Dell’Oro Group is a market research firm that specializes in strategic competitive analysis in the telecommunications, security, enterprise networks, data center infrastructure markets. Our firm provides in-depth quantitative data and qualitative analysis to facilitate critical, fact-based business decisions. For more information, contact Dell’Oro Group at +1.650.622.9400 or visit www.delloro.com.
The three most dominant broadband wireline ISPs in the U.S. all lost wireline subscribers in Q2-2023.
1. AT&T’s net total broadband access showed a loss of 35,000 subscribers in Q2-2023, which widened from a loss of -25,000 in the year-ago quarter. AT&T ended Q2 with 15.3 million broadband connections (including DSL), down 1.3% from 15.5 million a year earlier.
AT&T continued to add new fiber subscribers, but the pace of that growth slowed. AT&T added 251,000 fiber subs in Q2, down from +316,000 in the year-ago quarter and down from +272,000 in the prior quarter.
AT&T ended the period with 7.73 million fiber subs. Fiber average revenue per user (ARPU) was $62.26, up from $57.64 in the year-ago period.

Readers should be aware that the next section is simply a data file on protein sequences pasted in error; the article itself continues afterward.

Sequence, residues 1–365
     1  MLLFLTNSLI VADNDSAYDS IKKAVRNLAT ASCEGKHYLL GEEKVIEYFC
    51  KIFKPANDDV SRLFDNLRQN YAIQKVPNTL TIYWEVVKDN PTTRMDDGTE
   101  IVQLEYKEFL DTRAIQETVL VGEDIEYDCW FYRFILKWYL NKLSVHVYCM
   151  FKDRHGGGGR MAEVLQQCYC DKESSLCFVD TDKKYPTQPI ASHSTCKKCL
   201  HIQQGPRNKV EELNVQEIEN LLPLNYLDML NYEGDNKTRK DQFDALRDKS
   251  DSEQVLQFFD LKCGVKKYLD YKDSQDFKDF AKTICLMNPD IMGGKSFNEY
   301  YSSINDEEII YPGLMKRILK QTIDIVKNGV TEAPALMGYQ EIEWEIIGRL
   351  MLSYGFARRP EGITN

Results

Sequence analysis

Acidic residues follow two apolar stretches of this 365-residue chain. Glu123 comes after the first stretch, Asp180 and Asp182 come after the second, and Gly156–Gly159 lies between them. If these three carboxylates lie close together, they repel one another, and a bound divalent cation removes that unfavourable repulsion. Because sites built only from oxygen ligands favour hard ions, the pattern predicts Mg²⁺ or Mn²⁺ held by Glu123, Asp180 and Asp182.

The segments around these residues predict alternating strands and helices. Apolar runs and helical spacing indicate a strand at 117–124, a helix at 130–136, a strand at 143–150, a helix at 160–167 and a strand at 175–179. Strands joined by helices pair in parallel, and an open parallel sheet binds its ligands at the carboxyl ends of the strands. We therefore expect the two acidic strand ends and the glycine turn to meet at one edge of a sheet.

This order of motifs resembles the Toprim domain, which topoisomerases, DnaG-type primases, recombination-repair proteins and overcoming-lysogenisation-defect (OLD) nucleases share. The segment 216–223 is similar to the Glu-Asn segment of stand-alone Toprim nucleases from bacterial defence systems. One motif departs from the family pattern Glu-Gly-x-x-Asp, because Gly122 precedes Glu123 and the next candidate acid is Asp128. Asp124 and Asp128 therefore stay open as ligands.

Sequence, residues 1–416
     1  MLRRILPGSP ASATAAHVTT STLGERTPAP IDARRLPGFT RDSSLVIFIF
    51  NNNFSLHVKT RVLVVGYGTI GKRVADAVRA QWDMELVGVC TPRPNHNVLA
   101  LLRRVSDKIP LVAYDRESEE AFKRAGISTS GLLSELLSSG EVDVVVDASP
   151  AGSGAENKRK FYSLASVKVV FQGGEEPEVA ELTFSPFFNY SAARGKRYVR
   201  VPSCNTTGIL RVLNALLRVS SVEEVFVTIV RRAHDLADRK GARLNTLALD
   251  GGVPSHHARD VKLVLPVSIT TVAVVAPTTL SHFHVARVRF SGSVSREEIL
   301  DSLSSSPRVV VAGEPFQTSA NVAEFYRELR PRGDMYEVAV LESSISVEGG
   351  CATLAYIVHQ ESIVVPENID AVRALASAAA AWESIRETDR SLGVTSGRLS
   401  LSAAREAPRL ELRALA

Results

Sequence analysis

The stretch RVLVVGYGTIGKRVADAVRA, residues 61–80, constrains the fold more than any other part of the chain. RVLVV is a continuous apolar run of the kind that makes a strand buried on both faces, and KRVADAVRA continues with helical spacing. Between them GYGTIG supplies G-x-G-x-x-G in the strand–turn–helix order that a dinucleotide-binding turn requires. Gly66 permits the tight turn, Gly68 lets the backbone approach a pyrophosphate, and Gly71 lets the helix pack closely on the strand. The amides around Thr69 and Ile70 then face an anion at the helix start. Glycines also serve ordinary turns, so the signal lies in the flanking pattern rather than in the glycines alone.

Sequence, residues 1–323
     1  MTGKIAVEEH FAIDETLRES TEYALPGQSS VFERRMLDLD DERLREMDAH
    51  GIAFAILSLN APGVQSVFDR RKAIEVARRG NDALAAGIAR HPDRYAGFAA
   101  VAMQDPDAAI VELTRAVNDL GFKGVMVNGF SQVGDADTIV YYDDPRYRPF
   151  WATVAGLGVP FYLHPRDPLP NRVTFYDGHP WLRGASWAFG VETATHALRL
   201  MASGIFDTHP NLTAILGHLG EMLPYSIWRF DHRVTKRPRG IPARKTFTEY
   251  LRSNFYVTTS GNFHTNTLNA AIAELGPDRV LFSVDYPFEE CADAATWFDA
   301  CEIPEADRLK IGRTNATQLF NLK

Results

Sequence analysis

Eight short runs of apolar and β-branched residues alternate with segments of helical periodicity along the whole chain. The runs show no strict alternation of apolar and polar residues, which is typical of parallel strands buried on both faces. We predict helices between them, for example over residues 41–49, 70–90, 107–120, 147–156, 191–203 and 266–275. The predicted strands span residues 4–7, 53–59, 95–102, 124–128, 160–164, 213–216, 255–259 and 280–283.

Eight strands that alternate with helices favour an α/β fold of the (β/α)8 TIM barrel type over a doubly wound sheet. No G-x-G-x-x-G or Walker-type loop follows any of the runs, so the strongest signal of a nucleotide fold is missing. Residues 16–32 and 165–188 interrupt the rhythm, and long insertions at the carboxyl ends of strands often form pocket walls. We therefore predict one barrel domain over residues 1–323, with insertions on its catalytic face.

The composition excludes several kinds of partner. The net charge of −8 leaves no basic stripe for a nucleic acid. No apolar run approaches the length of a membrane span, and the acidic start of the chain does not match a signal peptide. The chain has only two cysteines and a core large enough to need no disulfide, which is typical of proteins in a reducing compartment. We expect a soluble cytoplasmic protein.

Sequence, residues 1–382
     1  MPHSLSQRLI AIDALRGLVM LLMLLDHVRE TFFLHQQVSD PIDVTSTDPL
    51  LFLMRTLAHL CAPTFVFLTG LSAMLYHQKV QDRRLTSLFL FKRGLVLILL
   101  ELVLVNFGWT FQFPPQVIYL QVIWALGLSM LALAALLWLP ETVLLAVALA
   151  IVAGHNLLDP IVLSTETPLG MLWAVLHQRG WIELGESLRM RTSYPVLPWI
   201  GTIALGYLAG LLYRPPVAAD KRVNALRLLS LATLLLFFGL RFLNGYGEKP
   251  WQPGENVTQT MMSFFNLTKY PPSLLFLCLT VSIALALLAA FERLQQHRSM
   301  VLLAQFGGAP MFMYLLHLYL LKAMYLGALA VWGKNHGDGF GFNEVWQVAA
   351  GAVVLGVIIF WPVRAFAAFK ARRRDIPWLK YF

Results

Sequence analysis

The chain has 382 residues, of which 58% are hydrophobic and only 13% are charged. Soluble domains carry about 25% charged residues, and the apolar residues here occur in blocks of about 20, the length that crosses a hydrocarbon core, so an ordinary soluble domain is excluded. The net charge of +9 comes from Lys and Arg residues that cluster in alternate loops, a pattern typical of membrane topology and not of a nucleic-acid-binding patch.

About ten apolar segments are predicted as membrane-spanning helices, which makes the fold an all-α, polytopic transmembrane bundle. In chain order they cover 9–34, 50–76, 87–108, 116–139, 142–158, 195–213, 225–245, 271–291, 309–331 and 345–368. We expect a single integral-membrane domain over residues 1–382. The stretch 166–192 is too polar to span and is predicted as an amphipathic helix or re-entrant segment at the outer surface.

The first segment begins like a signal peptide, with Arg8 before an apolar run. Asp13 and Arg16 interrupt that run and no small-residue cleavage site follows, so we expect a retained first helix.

AT&T added about 500,000 fiber locations during the quarter, ending Q2 with 20.2 million. CEO Stankey said AT&T remains on track to build fiber-to-the-premises (FTTP) tech to 30 million locations by 2025.
AT&T’s average fiber penetration rate is hovering at 38%. “Everywhere we put fiber in the ground, we feel good about our ability to win with consumers,” Stankey said.
AT&T shed 286,000 non-fiber subscribers in the quarter, lowering that total to 5.95 million. AT&T also lost another 25,000 DSL subs in the quarter, ending the period with just 259,000.
2. While Verizon added 54K FiOS internet subscribers in 2Q-2023 (51K FiOS net adds from Consumer, 3K from Business customers), it had a net loss of 304K wireline broadband subs when the loss of DSL subscribers was factored in.
From Verizon’s 2Q-2023 earnings call presentation:
Remarkably, Verizon added a net 384K fixed wireless subscribers, an increase from 256,000 fixed wireless net additions in second-quarter 2022. Verizon now has nearly 2.3 million subscribers on its fixed wireless service.
Due to FWA growth, Verizon reported total broadband net additions of 418,000 in 2Q-2023.